A closer look at CMS' new standardized exchange plan options

The now-finalized set of regulations for health plans that operate on the Affordable Care Act marketplace make good on the government's plan to create standardized exchange plan options despite some pushback from industry stakeholders.

The idea behind offering standardized options is to "simplify the consumer shopping experience and to allow consumers to more easily compare plans across issuers" in the federally facilitated exchanges, the Centers for Medicare & Medicaid Services (CMS) says in its 2017 Notice of Benefit and Payment Parameters.

Here's a breakdown of what CMS says about the new standardized options:

  • CMS will create a standardized plan option at three levels of exchange plans--bronze, silver and gold. Each option will have a fixed deductible, a fixed annual limitation on cost-sharing and a fixed copayment or coinsurance for a key set of essential health benefits.
  • The plans would likely exempt certain routine services such as primary care and generic drugs from a patient's deductible at all metal levels.
  • CMS will not stop insurers from offering non-standardized options on the exchanges, but it encourages plans to offer at least one standardized option, particularly at the silver level.
  • In order to reduce operational complexity, CMS does not plan to allow the standardized options to differ by region or state.
  • CMS made a few tweaks to its regulations surrounding standardized plans in response to requests from commenters, such as changing the cost-sharing for each of the top three drug tiers in the bronze standardized option, and increasing the copayment for generic drugs to $15 for the silver standardized option.
  • The final rule contains a provision "codifying the exchange's authority" to display standardized options on its consumer-facing plan comparison and shopping tools.

CMS also acknowledges that some of those who commented on its proposed rule argued that standardized options on the exchanges "will hamper innovation and limit competition and choice," and could inadvertently steer consumers with special health needs toward an inappropriate plan. Others, it says, argued it was a slippery slope toward ultimately banning or limiting non-standardized plan options.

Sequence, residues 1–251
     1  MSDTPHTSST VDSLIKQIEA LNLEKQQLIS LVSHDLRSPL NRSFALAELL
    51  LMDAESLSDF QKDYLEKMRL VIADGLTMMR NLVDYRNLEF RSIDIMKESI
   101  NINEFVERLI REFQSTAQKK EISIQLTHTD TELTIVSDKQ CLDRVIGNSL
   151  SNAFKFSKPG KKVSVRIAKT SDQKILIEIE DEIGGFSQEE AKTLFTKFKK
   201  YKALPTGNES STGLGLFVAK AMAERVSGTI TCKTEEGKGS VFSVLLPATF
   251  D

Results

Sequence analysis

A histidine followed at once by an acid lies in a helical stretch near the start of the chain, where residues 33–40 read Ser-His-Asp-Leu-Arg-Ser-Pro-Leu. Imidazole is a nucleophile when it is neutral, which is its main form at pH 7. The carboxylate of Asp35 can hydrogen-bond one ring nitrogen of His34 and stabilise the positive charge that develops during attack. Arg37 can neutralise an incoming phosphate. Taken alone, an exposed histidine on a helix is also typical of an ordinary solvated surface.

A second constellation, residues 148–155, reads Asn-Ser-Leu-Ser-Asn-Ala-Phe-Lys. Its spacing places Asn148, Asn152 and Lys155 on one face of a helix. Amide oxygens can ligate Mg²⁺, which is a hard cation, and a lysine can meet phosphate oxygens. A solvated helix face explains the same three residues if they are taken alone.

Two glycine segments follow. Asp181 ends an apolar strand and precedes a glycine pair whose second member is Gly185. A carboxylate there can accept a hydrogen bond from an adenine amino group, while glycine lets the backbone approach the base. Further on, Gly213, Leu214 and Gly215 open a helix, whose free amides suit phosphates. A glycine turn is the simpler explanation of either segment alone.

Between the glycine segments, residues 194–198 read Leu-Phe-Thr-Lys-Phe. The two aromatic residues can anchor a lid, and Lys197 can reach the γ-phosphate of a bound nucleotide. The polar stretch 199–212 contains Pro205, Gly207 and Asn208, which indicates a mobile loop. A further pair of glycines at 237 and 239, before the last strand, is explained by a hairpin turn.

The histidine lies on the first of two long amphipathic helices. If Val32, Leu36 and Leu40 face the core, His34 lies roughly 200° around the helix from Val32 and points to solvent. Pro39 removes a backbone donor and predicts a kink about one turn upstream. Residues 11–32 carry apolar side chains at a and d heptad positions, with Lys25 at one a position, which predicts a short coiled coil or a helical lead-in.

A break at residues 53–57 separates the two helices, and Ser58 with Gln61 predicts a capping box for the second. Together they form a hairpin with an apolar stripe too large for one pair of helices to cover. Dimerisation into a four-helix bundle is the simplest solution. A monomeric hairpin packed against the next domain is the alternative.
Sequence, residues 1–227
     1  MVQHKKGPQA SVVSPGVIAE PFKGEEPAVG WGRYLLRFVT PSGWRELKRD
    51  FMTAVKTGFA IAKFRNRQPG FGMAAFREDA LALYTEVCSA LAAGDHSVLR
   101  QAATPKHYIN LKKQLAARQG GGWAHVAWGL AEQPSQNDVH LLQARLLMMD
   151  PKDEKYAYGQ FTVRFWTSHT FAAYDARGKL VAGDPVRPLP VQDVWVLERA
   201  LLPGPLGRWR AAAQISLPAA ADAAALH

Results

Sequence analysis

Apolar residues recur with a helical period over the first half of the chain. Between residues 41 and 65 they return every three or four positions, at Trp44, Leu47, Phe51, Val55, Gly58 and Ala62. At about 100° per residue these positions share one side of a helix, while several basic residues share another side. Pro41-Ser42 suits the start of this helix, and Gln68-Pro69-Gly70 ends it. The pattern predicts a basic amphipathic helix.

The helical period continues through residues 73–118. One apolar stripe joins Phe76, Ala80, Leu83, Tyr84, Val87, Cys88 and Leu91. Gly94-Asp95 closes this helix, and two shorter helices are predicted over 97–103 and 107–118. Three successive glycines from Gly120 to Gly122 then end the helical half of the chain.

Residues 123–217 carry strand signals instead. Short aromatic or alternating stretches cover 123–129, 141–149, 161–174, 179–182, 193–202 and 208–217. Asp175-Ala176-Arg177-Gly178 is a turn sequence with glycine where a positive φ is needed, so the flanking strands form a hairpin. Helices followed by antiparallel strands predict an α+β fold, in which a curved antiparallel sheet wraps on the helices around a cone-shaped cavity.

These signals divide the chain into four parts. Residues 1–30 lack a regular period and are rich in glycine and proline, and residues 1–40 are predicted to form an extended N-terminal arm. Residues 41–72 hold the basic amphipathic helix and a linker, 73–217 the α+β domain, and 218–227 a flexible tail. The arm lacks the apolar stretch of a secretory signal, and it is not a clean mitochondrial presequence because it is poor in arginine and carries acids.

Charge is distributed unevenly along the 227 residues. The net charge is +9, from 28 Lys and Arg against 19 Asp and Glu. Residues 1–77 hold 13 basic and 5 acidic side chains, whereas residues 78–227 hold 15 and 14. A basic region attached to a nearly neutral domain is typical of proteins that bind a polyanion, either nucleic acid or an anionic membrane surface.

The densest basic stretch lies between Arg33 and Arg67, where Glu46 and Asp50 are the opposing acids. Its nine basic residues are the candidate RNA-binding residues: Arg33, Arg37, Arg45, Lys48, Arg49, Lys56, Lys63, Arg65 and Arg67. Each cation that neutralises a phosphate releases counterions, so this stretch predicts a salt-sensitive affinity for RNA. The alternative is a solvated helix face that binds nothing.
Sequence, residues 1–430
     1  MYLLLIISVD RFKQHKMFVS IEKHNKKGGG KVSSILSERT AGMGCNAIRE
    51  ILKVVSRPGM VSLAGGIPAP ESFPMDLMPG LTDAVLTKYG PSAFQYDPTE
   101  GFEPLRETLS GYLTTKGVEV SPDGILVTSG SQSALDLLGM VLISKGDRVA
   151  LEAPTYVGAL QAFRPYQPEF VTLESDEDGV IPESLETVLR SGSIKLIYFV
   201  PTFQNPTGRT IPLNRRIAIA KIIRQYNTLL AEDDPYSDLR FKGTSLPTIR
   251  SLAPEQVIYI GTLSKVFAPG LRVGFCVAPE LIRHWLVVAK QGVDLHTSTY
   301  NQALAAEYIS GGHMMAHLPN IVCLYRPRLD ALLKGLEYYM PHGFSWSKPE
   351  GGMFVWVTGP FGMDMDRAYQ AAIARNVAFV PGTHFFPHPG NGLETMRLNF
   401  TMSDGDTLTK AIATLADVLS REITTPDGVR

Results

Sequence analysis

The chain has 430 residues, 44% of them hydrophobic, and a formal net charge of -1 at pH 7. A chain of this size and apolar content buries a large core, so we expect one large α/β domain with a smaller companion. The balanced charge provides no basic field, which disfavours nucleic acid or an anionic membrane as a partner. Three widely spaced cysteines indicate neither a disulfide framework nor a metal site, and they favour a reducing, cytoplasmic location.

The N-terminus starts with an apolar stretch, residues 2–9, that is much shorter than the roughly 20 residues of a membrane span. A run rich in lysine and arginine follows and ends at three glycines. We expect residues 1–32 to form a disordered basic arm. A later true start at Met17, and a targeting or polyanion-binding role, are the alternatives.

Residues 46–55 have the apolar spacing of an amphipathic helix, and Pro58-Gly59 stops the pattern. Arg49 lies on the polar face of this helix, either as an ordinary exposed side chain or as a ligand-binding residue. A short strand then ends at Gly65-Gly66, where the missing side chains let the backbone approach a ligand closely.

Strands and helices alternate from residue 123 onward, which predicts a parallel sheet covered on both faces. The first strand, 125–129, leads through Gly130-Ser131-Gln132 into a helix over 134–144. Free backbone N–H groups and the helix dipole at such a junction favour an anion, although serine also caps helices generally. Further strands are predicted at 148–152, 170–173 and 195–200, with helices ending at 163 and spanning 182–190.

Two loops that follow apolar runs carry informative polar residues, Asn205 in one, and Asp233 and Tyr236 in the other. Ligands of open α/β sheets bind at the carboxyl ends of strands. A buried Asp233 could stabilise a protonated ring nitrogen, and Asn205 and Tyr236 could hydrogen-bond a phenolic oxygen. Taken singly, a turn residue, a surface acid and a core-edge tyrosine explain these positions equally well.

Major insurers including Cigna and Aetna have called for more flexibility in what types of plans they can offer on the individual market, arguing this could help them reach the remaining uninsured. Similarly, in its comment letter about the 2017 Notice of Benefit and Payment Parameters, America's Health Insurance plans said CMS was engaging in an "unwarranted attempt at market engineering" with some of its proposals.

But CMS says since it is not forcing insurers to offer standardized options nor limiting what qualified health plans they offer, the regulations won't stifle innovation or limit consumer choice. Further, it says it will offer tools to explain to consumers the cost-sharing features of the standardized plans so that they will ultimately simplify the coverage shopping experience.

CMS did, however, respond to criticism of its plan to regulate health plans' network adequacy by saying in its final rule that it would defer to the National Association of Insurance Commissioners' proposed regulations.

To learn more:
- here's the final rule

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